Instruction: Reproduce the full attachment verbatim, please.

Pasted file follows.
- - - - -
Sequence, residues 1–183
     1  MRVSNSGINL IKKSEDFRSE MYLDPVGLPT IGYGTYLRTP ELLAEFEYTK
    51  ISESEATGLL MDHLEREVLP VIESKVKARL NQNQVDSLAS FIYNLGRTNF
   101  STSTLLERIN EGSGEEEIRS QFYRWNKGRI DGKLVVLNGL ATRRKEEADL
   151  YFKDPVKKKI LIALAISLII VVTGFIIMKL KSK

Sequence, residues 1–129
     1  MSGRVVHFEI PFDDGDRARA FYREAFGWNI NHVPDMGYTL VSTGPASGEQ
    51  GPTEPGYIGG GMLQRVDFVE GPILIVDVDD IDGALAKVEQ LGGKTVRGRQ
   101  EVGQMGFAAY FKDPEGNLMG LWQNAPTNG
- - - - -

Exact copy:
Sequence, residues 1–183
     1  MRVSNSGINL IKKSEDFRSE MYLDPVGLPT IGYGTYLRTP ELLAEFEYTK
    51  ISESEATGLL MDHLEREVLP VIESKVKARL NQNQVDSLAS FIYNLGRTNF
   101  STSTLLERIN EGSGEEEIRS QFYRWNKGRI DGKLVVLNGL ATRRKEEADL
   151  YFKDPVKKKI LIALAISLII VVTGFIIMKL KSK

Sequence, residues 1–129
     1  MSGRVVHFEI PFDDGDRARA FYREAFGWNI NHVPDMGYTL VSTGPASGEQ
    51  GPTEPGYIGG GMLQRVDFVE GPILIVDVDD IDGALAKVEQ LGGKTVRGRQ
   101  EVGQMGFAAY FKDPEGNLMG LWQNAPTNG